PRICE, LARRY DONALD Died of a heart attack, after his return - date unknown. Name: Larry Donald Price Rank/Branch: United States Air Force/O2 Unit: 435 TFS Ubon Thailand Date of Birth: Home City of Record: Orlando FL Date of Loss: 30 July 1972 Country of Loss: North Vietnam Loss Coordinates: 210300 North 1055500 East Status (in 1973): Returnee Category: Aircraft/Vehicle/Ground: F4D Missions: Other Personnel in Incident: Refno: Source: Compiled by P.O.W. NETWORK from one or more of the following: raw data from U.S. Government agency sources, correspondence with POW/MIA families, published sources, interviews. REMARKS: 730329 RELEASED BY DRV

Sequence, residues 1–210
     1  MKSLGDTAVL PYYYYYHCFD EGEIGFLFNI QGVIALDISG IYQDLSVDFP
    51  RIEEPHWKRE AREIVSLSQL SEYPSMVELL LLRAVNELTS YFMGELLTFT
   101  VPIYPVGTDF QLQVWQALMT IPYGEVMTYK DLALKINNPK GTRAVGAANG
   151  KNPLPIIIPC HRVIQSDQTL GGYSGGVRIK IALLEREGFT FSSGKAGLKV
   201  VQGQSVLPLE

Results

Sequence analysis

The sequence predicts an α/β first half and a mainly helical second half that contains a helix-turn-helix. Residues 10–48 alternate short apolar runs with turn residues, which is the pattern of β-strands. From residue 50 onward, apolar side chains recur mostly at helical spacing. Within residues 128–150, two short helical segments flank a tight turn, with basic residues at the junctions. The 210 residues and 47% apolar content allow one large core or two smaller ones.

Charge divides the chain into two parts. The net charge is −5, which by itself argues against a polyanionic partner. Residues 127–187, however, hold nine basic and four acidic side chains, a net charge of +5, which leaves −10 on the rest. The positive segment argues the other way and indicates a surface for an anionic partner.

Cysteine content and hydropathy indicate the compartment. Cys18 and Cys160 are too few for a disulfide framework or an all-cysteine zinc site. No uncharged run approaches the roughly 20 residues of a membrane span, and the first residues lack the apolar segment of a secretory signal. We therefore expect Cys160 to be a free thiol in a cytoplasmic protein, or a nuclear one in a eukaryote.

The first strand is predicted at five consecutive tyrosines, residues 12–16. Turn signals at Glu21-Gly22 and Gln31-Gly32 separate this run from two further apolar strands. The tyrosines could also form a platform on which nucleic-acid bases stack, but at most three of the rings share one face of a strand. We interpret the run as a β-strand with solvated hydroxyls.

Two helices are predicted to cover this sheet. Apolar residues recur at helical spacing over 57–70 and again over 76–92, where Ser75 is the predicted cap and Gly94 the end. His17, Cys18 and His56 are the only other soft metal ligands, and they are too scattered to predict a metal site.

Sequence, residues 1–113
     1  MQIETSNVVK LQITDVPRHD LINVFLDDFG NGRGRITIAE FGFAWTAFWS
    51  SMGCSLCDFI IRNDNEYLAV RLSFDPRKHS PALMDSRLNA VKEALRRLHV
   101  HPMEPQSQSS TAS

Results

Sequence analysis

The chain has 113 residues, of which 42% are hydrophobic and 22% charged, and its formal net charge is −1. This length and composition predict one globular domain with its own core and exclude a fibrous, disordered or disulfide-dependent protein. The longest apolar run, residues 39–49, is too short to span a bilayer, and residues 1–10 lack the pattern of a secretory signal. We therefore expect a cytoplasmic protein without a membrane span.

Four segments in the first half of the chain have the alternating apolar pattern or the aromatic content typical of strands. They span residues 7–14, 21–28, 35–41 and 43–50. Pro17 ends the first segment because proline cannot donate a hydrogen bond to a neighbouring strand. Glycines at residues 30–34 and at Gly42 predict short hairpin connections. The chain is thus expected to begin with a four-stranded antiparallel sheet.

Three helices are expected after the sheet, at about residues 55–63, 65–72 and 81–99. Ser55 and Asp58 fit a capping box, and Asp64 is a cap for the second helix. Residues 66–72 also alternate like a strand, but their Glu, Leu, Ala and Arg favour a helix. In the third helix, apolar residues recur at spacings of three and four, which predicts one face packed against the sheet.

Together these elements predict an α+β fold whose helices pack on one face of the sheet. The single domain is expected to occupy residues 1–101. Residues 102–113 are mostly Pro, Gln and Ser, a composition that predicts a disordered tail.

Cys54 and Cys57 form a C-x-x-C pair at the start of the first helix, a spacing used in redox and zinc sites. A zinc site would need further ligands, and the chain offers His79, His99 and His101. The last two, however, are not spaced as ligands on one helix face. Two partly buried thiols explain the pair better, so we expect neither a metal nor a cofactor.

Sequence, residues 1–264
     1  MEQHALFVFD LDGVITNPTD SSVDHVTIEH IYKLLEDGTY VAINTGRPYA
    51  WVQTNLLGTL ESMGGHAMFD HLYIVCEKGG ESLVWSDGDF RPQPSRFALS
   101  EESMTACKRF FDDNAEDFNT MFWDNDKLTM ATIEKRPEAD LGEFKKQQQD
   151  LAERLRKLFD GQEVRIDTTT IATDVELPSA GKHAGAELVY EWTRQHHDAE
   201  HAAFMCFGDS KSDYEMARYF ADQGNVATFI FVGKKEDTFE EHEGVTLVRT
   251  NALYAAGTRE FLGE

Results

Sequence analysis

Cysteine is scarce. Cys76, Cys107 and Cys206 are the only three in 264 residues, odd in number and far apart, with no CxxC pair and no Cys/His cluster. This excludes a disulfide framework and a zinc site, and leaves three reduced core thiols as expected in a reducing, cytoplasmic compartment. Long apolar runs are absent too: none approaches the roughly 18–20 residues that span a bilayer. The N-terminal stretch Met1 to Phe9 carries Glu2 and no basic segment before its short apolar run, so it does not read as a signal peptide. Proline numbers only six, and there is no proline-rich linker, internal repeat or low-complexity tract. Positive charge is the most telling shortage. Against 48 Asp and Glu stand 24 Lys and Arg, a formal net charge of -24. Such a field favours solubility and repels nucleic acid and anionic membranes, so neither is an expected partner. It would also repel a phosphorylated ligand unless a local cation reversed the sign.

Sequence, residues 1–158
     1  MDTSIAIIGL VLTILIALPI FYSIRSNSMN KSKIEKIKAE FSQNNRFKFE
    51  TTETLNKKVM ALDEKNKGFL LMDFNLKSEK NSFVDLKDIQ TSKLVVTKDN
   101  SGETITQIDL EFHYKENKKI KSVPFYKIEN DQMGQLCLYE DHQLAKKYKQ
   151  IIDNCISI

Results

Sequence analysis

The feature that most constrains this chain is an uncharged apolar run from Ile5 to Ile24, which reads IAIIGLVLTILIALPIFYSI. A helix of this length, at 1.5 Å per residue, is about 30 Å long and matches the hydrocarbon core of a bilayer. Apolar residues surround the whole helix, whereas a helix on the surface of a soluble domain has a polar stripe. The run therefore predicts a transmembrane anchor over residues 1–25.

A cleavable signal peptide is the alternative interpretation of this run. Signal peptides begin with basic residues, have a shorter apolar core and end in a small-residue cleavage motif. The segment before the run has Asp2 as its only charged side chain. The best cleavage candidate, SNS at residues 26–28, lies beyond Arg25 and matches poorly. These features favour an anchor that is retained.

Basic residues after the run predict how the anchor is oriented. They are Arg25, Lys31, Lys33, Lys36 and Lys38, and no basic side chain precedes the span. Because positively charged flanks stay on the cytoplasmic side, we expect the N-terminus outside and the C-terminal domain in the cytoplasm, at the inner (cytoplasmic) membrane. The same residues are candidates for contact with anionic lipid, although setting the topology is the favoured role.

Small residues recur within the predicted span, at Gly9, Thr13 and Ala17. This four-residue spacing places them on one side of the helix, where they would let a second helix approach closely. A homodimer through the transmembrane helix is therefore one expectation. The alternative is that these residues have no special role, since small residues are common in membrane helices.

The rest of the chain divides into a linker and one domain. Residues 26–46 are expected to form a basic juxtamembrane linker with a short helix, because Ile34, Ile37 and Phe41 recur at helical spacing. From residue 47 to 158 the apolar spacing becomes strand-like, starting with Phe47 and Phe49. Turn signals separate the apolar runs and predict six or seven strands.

SOURCE: WE CAME HOME copyright 1977 Captain and Mrs. Frederic A Wyatt (USNR Ret), Barbara Powers Wyatt, Editor P.O.W. Publications, 10250 Moorpark St., Toluca Lake, CA 91602 Text is reproduced as found in the original publication (including date and spelling errors). LARRY D. PRICE 1st Lieutenant - United States Air Force Shot Down: July 30, 1972 Released: March 29, 1973 I was one of the guys shot down in the midst of some pretty hot debate over the Southeast Asian War. In July of 1972, many loyal, concerned Americans were wondering if it would ever end. Suddenly that debate and combat sorties were something from before. The system the North Vietnamese were fighting for was right before my eyes, and I couldn't believe it. Several years earlier, General Curtis Lemay made the statement that we could bomb them back into the Stone-Age. There was a very loud uproar over that statement - my feelings after a very short time in Hanoi were that an effort of that kind would only set the North Vietnamese back a week or two. A recurring theme in the 435th Tactical Fighter Squadron, Ubon, Thailand, where I was based, was "as long as there are POW's ..." Now a POW myself, knowing that spirit in my own squadron and squadrons everywhere would eventually get me home, proved to be a great source of strength No matter what I was told, I knew my fellow fliers, backed by the United States Government and the American people, would never let us down. December 1972-The Bombing of Hanoi ... It took less than three days to feel completely sure the Vietnamese had seen the light. The following eight or nine days were simply reinforcement, and I mentally started packing for home.